Last year, Mapp worked with the U.S. Department of Education to develop a framework for the development of family-school partnerships. The framework succinctly lists conditions that must be in place to build effective family-school partnerships. For example, engagement opportunities must be interactive and linked to learning. Family engagement must also be systemic at a school or in a district; it must be prioritized by all teachers and staff to be effective.

    Another key component is that these programs have to be intentional about relationship-building, Mapp said. "A lot of times," Mapp said, "educators go into communities and say: 'We got this. Our parents are poor, they don't speak English. We're there to save them, to help them.' No. They have funds of knowledge that we need to do our job."

    Ultimately, Mapp said, family engagement isn't just about grades and test scores. It's about getting the community engaged so that they can participate in the decision-making and leadership process. The Oregonian covered Mapp's speech and the event. Click here to see a video of Mapp's presentation.

    Mapp's presentation was the keynote address in an event program all about family engagement. Children's Institute President and CEO Swati Adarkar opened the program to applause when she said, "I am energized by the growing support and understanding of the importance of early childhood development. It's about time. The evidence and research is abundantly clear. Supporting a child's education and success requires a true partnership with parents."

    The rest of the event program took a deeper look at effective family engagement practices here in Oregon. The third annual Alexander Award was presented to Sue Miller, co-founder of the Family Building Blocks Relief Nursery, which serves at-risk young children and their families in Marion and Polk counties.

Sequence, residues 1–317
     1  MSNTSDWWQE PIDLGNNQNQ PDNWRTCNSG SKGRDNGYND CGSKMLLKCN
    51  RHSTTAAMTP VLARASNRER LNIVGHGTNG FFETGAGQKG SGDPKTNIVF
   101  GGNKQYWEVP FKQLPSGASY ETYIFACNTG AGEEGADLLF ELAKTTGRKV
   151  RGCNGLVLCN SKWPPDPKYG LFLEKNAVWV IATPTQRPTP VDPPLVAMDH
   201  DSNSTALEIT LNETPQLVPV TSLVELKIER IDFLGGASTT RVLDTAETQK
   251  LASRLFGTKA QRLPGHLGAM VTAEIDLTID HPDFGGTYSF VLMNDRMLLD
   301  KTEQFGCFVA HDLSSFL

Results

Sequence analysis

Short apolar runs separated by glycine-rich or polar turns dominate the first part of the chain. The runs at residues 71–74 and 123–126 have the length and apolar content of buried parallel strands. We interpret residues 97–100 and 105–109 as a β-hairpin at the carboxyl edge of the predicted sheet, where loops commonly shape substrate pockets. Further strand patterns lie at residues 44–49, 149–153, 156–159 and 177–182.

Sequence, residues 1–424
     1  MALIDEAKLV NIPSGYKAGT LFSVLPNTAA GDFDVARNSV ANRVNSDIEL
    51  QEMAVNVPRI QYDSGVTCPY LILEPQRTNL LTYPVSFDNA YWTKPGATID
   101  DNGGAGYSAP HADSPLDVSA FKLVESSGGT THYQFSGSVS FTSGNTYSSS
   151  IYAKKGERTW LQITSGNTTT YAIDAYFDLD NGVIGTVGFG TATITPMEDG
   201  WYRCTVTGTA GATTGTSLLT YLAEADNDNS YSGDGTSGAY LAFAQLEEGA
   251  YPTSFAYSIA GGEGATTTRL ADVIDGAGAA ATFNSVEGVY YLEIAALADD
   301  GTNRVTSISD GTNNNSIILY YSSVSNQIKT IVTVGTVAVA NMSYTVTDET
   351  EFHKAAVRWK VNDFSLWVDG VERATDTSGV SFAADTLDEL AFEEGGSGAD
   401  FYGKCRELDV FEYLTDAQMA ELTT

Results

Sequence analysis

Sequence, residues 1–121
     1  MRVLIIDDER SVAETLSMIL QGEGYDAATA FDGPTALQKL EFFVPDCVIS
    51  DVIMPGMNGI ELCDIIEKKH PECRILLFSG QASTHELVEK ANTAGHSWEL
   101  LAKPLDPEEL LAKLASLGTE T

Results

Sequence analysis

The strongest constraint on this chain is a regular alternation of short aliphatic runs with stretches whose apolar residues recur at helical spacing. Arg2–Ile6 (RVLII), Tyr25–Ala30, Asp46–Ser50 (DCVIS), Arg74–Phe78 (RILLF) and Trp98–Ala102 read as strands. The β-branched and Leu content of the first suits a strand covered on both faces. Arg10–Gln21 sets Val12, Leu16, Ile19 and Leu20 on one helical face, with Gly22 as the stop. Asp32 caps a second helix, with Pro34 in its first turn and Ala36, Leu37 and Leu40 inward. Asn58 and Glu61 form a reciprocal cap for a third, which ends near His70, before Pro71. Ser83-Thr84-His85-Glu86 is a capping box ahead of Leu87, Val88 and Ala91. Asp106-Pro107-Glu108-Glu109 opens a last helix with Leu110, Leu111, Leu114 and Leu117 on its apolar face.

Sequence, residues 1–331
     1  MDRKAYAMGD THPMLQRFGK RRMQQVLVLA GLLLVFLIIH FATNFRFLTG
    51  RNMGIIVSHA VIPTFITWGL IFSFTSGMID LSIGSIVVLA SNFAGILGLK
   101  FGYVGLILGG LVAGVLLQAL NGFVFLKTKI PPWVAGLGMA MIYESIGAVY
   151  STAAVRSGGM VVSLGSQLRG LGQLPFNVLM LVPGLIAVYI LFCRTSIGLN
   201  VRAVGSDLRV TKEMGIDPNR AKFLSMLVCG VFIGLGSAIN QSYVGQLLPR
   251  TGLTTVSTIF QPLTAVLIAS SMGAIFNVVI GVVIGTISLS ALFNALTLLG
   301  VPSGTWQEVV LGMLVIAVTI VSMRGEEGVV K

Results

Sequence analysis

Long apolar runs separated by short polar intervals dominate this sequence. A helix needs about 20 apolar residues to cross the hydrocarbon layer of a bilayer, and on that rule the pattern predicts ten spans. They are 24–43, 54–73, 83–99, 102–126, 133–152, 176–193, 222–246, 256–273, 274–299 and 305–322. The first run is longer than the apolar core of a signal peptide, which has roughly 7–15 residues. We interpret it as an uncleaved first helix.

The annual video slide presentation featured two Oregon families the Children's Institute has come to know through its Early Works initiative at Earl Boyles Elementary in Portland's David Douglas School District and Yoncalla Elementary in Yoncalla. Through the initiative, the families have become engaged with their elementary schools. "They're continuing to fight and win, on behalf of their children, against challenges that can seem daunting," said Chris Tebben, master of ceremonies for the event and Children's Institute board chair. "It's so inspiring to see the hard work that parents do every day to help their children succeed."

    VideoPremiere WebRes AW-52Adriana Larraga of Padres Unidos/Parents United, a parent leadership group at Earl Boyles Elementary, kicked off the fundraising appeal by telling the audience about the difference engaging with Earl Boyles has made in her life and the lives of her children. She spoke eloquently about her fears when she first approached the school and her subsequent sense of feeling welcomed and empowered by the teachers, staff, other parents, and partners like the Children's Institute. She urged everyone in the room to visit the school and see "the little stars, who are the future important people of Oregon."

    About 400 business, community and education leaders attended the event to support the work of the Children's Institute. The event's presenting sponsor was the Cambia Health Foundation. Twenty-four other individuals, corporations and non-profits also helped sponsor the event. Everyone's support is truly appreciated, says Tebben. Community support helps the Children's Institute "invest in early education and change outcomes for Oregon's most vulnerable children."